The through-hole mountain process is a combination of manual and automated systems.

Components Placement

Typically manual, the components placement step is done by engineers. They precisely place components in the appropriate positions, based on the PCB design and the operational standards of the through-hole mounting process. This can be challenging, since engineers have to ensure the correct polarity, orientation, and component placement for high-quality products. Engineers often wear anti-static wristbands to maintain the integrity of static-sensitive components.


Once all of the components are set and placed, the board is put in a matching transport frame for inspection. Each component is plugged in to determine if they’re placed correctly. If there are any issues, the engineers can correct them before they’re soldered.

Wave Soldering

The inspection ensures the components are placed accurately and ready for the soldering process. Using a wave soldering system, the PCB moves over a wave of liquid solder at about 500 degrees Fahrenheit to secure the components to the board.

Surface Mount Technology Assembly Process

Surface mount technology assembly is one of the most efficient processes for a specialized board. Each step is automated for improved speed and accuracy.

Solder Paste Printing

Solder paste is added to the board using a specialized printer and template. Like stenciling, this ensures the paste is only placed in the appropriate places for component mounting. Once the solder paste is applied, a visual inspection is conducted for accuracy.

Components Mounting

Like conventional assembly, the next step of this process is the pick and place. The PCB goes through the pick and place machine to have the components mounted in the correct positions. Each component is mounted using component reels, which are similar to film reels. The rotating reels allow multiple components to be placed at the same time for better efficiency.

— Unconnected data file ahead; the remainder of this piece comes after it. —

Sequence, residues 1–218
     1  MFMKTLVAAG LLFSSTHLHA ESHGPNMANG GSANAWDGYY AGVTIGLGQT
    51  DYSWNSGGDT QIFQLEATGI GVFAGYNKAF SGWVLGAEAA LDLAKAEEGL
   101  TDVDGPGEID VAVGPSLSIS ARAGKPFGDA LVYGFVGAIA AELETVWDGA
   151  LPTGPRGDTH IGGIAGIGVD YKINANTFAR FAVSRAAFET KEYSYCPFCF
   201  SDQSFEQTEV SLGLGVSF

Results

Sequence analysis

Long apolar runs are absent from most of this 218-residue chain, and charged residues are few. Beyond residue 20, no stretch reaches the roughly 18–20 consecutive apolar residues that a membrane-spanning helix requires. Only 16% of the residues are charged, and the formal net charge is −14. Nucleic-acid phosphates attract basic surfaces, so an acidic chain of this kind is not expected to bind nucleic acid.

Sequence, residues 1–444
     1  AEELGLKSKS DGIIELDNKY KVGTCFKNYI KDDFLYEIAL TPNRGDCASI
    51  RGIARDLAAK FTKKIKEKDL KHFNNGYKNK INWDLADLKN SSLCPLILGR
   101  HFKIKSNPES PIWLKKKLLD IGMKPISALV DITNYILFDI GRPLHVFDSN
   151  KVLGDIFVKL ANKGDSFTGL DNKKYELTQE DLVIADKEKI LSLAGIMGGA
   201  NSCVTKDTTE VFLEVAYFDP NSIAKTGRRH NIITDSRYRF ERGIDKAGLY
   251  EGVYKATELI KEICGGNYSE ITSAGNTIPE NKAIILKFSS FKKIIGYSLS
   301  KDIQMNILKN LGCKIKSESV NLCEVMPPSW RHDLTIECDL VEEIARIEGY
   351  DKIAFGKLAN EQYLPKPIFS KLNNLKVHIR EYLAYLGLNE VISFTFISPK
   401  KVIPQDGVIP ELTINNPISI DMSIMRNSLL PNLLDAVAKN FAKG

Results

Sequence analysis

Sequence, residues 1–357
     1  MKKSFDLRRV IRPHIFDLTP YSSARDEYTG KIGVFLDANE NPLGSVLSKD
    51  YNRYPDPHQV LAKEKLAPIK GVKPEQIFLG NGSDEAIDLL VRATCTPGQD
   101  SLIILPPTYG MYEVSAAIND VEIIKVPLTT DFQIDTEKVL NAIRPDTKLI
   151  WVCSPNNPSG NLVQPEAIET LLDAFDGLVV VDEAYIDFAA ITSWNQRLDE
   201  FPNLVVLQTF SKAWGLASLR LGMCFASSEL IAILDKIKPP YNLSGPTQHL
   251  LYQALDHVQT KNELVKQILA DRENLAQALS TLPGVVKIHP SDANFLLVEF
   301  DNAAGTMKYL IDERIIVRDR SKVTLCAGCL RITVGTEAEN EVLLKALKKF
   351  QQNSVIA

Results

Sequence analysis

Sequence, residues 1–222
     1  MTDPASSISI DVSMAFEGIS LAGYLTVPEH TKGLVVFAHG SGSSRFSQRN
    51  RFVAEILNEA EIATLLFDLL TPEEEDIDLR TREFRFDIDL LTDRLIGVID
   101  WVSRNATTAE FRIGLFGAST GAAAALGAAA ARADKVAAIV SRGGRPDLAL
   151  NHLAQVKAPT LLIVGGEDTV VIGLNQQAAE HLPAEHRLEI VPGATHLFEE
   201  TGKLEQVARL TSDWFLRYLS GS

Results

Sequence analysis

Reflow Soldering

Once the components are placed, the PCB passes through a reflow oven that reaches temperatures of 500 degrees Fahrenheit. The solder is liquified, then cooled to solidify, securing the components to the board.

Mixed Technology

Mixed technology PCBs combine components from different types of boards, such as through-hole components. These can be more challenging to assemble, since they have so many elements.

Mixed boards can be approached with the following methods:

  • Single-side mixed assembly: This type of assembly follows solder paste printing, parts placement, reflow soldering, component placing, and wave soldering.
  • One-side through-hole or surface-mount assembly: This type of assembly begins with the surface mount process, solidification, then flipping for through-hole component placement and wave soldering. This assembly procedure is less than ideal, however, since the multilayer process can cause soldering issues.
  • Double-side mixed assembly: This assembly method may involve the application of adhesives and requires three heating steps, making it less efficient. The assembly process starts with solder paste printing and surface-mount placement, followed by reflow. The board is then flipped and the process is repeated for surface-mount placement on the other side, then flipped again for through-hole component placement and wave soldering. 

Post-PCB Assembly Quality Control

The PCB assembly process is dirty. Boards may have oils or dirt from human touch, flux from soldering paste, or other unsightly residue. This goes beyond appearance, since leftover flux and human skin oils can damage solder joints or leave an odor. Because of this, cleaning the board is an important part of the process.

PCBs are cleaned using a steel, high-pressure washing machine with deionized water. This effectively removes the residue without harming any of the components or circuits. Once washed, the board is dried with compressed air before packaging and shipment. 

Quality PCB Assembly

PCB assembly can be a complex and technical process with many considerations. Small mistakes can lead to significant quality defects or cost changes. When you choose a PCBA company, it’s important to choose a manufacturer with the skills and quality benchmarks to bring your project to life.

At Gerber Labs, we play an instrumental role in ensuring our customers succeed. From designing concepts and laying out prototypes to manufacturing and testing the safety of your PCB, Gerber Labs is here to partner with you on every endeavor